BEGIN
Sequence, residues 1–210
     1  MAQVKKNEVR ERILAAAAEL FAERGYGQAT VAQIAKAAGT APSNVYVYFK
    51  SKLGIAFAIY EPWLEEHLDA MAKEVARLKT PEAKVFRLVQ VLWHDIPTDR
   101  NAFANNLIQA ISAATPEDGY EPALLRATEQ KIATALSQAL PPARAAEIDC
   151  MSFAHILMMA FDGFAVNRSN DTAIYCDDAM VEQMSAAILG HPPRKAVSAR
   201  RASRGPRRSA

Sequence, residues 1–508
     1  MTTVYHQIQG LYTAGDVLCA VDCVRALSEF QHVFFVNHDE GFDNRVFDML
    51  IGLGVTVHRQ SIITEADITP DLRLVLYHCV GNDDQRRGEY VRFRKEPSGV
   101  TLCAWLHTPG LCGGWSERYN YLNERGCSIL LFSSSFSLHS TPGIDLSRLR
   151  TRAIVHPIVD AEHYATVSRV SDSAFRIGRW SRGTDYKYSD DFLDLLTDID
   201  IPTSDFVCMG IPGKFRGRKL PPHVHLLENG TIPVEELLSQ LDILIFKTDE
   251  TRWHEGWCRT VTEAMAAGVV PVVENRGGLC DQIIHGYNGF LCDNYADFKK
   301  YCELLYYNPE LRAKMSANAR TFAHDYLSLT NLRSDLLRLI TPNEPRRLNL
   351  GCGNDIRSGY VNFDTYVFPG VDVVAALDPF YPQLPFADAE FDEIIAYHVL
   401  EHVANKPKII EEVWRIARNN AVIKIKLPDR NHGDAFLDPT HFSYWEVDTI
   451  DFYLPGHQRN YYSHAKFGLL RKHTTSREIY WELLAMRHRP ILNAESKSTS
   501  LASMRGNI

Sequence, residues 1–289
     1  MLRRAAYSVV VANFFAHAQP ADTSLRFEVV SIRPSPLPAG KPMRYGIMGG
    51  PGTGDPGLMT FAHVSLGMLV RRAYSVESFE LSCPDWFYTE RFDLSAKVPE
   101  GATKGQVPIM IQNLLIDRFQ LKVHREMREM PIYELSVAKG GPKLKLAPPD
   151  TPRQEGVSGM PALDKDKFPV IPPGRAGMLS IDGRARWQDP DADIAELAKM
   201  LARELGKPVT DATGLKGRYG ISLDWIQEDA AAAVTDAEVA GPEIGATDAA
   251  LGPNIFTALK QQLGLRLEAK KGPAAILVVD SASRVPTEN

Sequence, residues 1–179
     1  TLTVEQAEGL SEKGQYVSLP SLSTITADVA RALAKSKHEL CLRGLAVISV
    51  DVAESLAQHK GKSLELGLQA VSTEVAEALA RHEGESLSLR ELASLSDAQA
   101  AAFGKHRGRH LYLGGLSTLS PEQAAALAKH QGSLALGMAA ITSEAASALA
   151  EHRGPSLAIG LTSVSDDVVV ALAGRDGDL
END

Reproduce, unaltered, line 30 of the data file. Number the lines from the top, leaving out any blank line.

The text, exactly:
   151  EHRGPSLAIG LTSVSDDVVV ALAGRDGDL